To accelerate research at an even faster pace, Mikey is encouraging corporations to match Part the Cloud’s grant funding. In 2014, Part the Cloud received 35 grant applications from promising researchers in North America but was only able to fund five. Mikey is confident that with the support of corporations, the number of projects they could fund would significantly increase.

Ref lecting on the past few years, Mikey is optimistic about the power of community and what can be achieved, especially with a strong network. She recently joined My Brain™, a movement that calls on 1 million women to use their amazing brains to wipe out Alzheimer’s disease.

“This wonderful philanthropic family has developed across the country,” Mikey said. “There are times when you’re exhausted and feel like you’re not making any headway, and then you meet strong women like Dagmar Dolby and Maria Shriver and you know others are fighting just as hard for the same cause. It keeps me going.”

Learn more about Part the Cloud at alz.org/galas.

Signs of Alzheimer’s Seen 18 Years Before Symptoms

The results of a study from Rush University Medical Center in Chicago show that signs of cognitive impairment can be detected as early as 18 years before the disease is diagnosed.Signs of Alzheimer's Seen 18 Years Before Symptoms

Learn more about this study and what it means for early detection of dementia.

Signs of Alzheimer’s Seen Years Before Diagnosis

A research team led by associate professor of internal medicine at Rush University, Kumar Rajan, has found that early signs of cognitive impairment leading to Alzheimer’s may present themselves 18 years before symptoms occur.

Rajan and his colleagues observed over 2,000 seniors who did not have dementia over the span of 18 years. Every three years, the participants took a mental skills test and then analyzed the results over time. They found that those seniors who eventually developed Alzheimer’s has lower test scores throughout the 18 year period. In addition, their scores actually declined with each test.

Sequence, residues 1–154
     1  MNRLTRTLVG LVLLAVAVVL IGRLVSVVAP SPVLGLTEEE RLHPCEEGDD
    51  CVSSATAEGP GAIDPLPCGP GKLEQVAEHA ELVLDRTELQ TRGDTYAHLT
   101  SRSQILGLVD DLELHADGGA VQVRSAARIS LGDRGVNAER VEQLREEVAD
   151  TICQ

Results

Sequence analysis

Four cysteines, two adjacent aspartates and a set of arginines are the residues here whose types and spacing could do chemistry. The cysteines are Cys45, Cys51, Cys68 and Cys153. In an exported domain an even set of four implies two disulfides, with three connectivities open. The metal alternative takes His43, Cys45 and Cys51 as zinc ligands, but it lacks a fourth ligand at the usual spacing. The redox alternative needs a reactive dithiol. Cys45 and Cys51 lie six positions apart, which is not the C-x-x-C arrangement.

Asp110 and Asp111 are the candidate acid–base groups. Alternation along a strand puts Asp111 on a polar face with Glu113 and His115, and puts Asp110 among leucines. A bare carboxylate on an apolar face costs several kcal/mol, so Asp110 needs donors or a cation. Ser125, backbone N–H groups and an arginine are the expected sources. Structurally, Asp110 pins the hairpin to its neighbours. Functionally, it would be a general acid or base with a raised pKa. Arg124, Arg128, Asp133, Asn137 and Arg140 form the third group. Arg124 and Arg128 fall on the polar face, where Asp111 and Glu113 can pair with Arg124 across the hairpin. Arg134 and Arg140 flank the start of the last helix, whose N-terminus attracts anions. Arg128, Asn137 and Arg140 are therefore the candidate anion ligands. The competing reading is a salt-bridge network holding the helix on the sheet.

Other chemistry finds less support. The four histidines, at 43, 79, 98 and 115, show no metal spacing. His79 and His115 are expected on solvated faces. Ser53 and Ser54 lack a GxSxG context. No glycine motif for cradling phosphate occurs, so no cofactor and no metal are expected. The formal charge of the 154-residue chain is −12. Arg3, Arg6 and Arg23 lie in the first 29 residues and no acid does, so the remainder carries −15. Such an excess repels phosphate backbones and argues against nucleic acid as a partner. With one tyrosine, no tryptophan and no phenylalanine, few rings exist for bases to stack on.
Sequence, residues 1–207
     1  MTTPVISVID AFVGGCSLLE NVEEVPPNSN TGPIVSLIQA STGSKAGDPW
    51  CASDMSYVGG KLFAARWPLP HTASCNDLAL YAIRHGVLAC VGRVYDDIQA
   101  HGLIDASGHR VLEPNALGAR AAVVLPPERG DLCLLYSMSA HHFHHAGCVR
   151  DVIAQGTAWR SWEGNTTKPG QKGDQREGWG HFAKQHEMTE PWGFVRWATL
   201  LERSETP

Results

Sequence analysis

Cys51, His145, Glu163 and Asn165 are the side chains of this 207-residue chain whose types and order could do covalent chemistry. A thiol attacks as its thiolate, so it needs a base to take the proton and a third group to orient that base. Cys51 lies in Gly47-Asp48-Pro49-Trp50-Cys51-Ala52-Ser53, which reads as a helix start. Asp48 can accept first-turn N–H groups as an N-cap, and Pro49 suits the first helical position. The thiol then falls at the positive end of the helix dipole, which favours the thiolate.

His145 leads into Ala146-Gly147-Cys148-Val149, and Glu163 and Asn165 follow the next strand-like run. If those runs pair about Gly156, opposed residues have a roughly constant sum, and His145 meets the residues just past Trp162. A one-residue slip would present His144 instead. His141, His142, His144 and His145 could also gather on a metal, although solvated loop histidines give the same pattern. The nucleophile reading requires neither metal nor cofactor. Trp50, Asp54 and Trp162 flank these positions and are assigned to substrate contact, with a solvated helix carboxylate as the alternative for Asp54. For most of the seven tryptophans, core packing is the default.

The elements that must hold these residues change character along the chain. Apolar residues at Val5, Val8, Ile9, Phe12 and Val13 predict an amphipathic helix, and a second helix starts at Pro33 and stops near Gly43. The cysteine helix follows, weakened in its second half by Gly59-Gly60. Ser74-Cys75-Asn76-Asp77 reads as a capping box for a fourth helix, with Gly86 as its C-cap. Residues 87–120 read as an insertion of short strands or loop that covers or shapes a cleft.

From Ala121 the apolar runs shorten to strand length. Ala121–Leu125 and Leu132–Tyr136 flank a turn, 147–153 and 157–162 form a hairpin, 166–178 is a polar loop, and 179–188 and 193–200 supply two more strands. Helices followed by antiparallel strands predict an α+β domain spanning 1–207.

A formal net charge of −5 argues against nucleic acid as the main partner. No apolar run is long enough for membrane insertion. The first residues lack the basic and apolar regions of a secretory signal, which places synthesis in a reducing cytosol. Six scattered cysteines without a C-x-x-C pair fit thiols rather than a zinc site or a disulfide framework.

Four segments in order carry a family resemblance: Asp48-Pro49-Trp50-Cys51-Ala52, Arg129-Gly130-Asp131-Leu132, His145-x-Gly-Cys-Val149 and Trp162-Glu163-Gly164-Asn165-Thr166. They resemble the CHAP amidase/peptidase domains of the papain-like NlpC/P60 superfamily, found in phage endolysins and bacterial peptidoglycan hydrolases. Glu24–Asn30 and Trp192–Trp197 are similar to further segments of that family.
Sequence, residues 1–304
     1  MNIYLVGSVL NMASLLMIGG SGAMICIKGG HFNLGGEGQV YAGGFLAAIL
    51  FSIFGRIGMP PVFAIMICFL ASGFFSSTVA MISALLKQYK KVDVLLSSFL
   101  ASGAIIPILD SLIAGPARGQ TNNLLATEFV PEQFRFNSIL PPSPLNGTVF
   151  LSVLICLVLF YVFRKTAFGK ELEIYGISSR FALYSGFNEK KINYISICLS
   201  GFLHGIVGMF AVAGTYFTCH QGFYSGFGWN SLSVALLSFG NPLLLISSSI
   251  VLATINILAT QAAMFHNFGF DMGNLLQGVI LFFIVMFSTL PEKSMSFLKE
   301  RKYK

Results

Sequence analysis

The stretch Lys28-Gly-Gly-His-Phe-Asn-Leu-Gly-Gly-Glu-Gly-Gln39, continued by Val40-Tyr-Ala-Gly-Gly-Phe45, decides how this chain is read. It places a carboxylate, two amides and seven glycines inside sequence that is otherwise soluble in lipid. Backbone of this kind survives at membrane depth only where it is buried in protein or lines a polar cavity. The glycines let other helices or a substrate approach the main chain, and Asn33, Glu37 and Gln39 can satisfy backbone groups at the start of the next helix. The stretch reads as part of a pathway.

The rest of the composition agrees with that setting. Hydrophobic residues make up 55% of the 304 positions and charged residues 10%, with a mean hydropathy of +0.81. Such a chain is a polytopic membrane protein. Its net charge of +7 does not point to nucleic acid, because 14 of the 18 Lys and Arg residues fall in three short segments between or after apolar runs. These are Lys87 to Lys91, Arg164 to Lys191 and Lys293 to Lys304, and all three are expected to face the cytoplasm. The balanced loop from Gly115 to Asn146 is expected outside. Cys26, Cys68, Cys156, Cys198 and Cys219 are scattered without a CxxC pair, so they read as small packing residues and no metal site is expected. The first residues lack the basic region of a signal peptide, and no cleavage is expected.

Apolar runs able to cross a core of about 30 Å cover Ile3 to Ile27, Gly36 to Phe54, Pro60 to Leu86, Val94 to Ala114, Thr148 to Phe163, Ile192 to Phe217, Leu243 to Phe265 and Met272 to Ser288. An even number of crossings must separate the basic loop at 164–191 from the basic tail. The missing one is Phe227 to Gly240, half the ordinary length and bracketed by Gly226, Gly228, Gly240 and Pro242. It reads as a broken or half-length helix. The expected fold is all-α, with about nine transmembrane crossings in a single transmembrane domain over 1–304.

Researchers concluded that for each unit their score dropped, the risk of developing Alzheimer’s increased by 85%.

Testing to Predict Alzheimer’s Risk

Researchers caution that their study only demonstrates a link between testing scores and a group-level risk and that as of now, the tests can not be used to predict an individual’s risk of developing Alzheimer’s. More research will be needed to determine how testing can be used to determine an individual’s risk.

For now, researchers believe their findings suggest that a cognitive test should be part of a regular assessment for people beginning in middle age. Catching Alzheimer’s early will give doctors more time to intervene and slow the progression of the disease.

Next, Rajan plans to study the effects of brain-stimulating activities on Alzheimer’s once it is diagnosed.

Do you think regular cognitive testing should be a part of standard medical care? Why or why not? Share your thoughts with us in the comments below.

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Caregiver 101

Caregiving 101
By Michael Plontz